When They Call You A Terrorist by Patrisse Khan-Cullors and asha bandele
(Joint review with Austin as part of the Cannonball Read 10 BINGO)
Best for: Those who enjoy deeply personal memoirs.
In a nutshell: Black Lives Matter founder Patrisse Khan-Cullors shares the story of her life so far, including her work as an activist, artist, and founder of the Black Lives Matter movement.
“For us, law enforcement had nothing to do with protecting and serving, but controlling and containing the movement of children.”
“My father attended schools that did little more than train him to serve another man’s dreams, ensure another man’s wealth, produce another man’s vision.”
“What is the impact of not being valued?”
“No isolated acts of decency could wholly change an organization that became an institution that was created not to protect but to catch, control and kill us.”
Why I chose it: I enjoy memoirs, and I feel like I don’t know enough about the woman who started the Black Lives Matter movement.
Why Austin chose it: I picked this book because Black Lives Matter is a huge cultural touchstone in our nation’s history and I wanted to learn more about one of the founders of the movement.
At times over the past five years, it can seem that Black Lives Matter spontaneously erupted out of the anger at police violence against Black men, women and children. But BLM didn’t just appear from the ether; it was created by three Black women: Alicia Garza, Patrisse Khan-Cullors, and Opal Tometi. These women have stories that deserve to be shared, and this book provides insight into the lives of one of these women.
The subheading “A Black Lives Matter Memoir” might suggest that there will be a heavy emphasis on the time in 2013 when the movement began. And that definitely gets coverage, but this book is more about Ms. Khan-Cullors’s life and how that leads to the movement. She shares so much of herself — her pain, her joy, her love, her anger. Some memoirs scratch the surface and present something that feels a bit false. Not here. Ms. Khan-Cullors is vulnerable, and poetic, and unapologetic. She describes experiences that no one should have to go through, making it clear that these experiences are not unique to her.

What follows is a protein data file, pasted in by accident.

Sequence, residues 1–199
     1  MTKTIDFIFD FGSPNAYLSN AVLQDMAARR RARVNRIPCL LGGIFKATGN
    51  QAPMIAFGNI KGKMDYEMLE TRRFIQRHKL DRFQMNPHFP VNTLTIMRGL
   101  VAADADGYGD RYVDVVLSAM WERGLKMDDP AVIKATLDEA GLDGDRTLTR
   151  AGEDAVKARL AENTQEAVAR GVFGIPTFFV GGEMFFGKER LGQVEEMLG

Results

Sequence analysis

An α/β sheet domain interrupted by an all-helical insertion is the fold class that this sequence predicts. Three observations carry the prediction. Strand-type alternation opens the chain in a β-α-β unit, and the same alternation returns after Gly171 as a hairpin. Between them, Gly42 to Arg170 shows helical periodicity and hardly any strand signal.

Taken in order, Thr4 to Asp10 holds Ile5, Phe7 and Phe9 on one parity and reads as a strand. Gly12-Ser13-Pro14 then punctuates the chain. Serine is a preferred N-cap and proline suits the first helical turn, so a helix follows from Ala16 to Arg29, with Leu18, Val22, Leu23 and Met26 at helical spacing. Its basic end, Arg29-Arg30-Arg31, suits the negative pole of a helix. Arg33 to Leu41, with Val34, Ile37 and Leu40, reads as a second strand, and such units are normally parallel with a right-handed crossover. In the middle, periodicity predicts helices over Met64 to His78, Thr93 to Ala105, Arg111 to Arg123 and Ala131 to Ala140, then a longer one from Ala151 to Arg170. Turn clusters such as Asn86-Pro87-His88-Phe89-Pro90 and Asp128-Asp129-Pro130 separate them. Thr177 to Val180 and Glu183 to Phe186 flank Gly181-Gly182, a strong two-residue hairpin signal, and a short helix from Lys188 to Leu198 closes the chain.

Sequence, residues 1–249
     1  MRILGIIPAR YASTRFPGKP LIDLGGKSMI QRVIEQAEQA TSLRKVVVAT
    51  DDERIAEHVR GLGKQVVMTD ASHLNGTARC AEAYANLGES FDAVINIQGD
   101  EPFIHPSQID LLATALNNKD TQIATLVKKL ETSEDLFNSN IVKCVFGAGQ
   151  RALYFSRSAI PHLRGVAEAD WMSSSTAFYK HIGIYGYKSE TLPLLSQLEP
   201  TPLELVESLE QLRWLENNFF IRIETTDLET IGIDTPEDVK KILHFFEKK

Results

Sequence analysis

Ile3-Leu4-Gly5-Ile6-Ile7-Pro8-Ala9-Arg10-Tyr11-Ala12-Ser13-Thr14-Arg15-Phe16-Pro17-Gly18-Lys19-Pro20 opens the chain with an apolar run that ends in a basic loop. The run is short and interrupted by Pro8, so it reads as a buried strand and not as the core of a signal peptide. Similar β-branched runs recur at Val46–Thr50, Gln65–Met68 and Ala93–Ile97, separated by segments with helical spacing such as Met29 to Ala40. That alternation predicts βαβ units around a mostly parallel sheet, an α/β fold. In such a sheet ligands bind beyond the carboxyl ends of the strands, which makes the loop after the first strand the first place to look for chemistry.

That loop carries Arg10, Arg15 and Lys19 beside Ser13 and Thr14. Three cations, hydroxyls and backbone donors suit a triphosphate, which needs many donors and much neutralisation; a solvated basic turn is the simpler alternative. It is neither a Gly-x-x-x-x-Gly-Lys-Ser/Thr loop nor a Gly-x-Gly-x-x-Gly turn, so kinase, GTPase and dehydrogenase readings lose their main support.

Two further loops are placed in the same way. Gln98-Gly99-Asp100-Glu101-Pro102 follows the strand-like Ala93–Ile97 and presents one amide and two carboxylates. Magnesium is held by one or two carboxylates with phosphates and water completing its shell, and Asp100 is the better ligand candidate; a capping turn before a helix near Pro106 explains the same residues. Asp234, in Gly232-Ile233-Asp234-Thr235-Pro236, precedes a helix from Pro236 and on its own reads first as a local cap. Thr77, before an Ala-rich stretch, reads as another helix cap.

This book contains so much more than its 250 pages suggest. The writing is fantastic, in a style I am not used to. I’d almost call it flowery, but that implies the words are superfluous. It’s not that. It’s almost lyrical, poetic and times. Ms. Khan-Cullors (with co-author bandele) covers interactions with the police (her own interactions, and interactions her families and friends have), what it is like to have a parent in prison, what it is like to have a sibling with mental illness who is tortured by the prison system. What it is like to not be heard, and what it is like to find a way to fight back.
What struck me most about this book was how open she was about her entire life. She talked about her sexuality, her difficulties with her family, and the ongoing issues with police. Khan-Cullors has had a more difficult life than most, yet she was able to come together with friends to build the most recognizable social justice movement in decades.
Reading this book made me re-evaluate my own life and choices in a deep and serious way. What are my values and how much am I willing to dedicate my life to them? I thank Ms Khan-Cullors for what she’s done and what she’s been willing to share with everyone about the way it’s all come about. I highly recommend this book if you’re at all interested in social justice movements.